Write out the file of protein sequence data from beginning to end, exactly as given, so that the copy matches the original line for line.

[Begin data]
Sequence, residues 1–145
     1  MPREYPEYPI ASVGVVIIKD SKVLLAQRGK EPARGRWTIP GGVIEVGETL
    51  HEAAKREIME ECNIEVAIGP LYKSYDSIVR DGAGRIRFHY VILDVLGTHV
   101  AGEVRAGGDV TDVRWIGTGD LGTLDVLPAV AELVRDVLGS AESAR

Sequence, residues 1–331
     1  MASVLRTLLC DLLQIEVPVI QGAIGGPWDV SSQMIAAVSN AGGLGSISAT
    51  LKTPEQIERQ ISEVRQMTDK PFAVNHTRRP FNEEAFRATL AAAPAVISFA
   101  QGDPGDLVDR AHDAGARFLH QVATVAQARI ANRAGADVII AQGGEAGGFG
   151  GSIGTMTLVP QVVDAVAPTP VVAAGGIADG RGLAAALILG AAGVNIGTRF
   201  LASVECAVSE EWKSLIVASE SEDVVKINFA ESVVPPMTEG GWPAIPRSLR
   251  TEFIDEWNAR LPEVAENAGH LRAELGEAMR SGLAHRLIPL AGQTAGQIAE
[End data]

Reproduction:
Sequence, residues 1–145
     1  MPREYPEYPI ASVGVVIIKD SKVLLAQRGK EPARGRWTIP GGVIEVGETL
    51  HEAAKREIME ECNIEVAIGP LYKSYDSIVR DGAGRIRFHY VILDVLGTHV
   101  AGEVRAGGDV TDVRWIGTGD LGTLDVLPAV AELVRDVLGS AESAR

Sequence, residues 1–331
     1  MASVLRTLLC DLLQIEVPVI QGAIGGPWDV SSQMIAAVSN AGGLGSISAT
    51  LKTPEQIERQ ISEVRQMTDK PFAVNHTRRP FNEEAFRATL AAAPAVISFA
   101  QGDPGDLVDR AHDAGARFLH QVATVAQARI ANRAGADVII AQGGEAGGFG
   151  GSIGTMTLVP QVVDAVAPTP VVAAGGIADG RGLAAALILG AAGVNIGTRF
   201  LASVECAVSE EWKSLIVASE SEDVVKINFA ESVVPPMTEG GWPAIPRSLR
   251  TEFIDEWNAR LPEVAENAGH LRAELGEAMR SGLAHRLIPL AGQTAGQIAE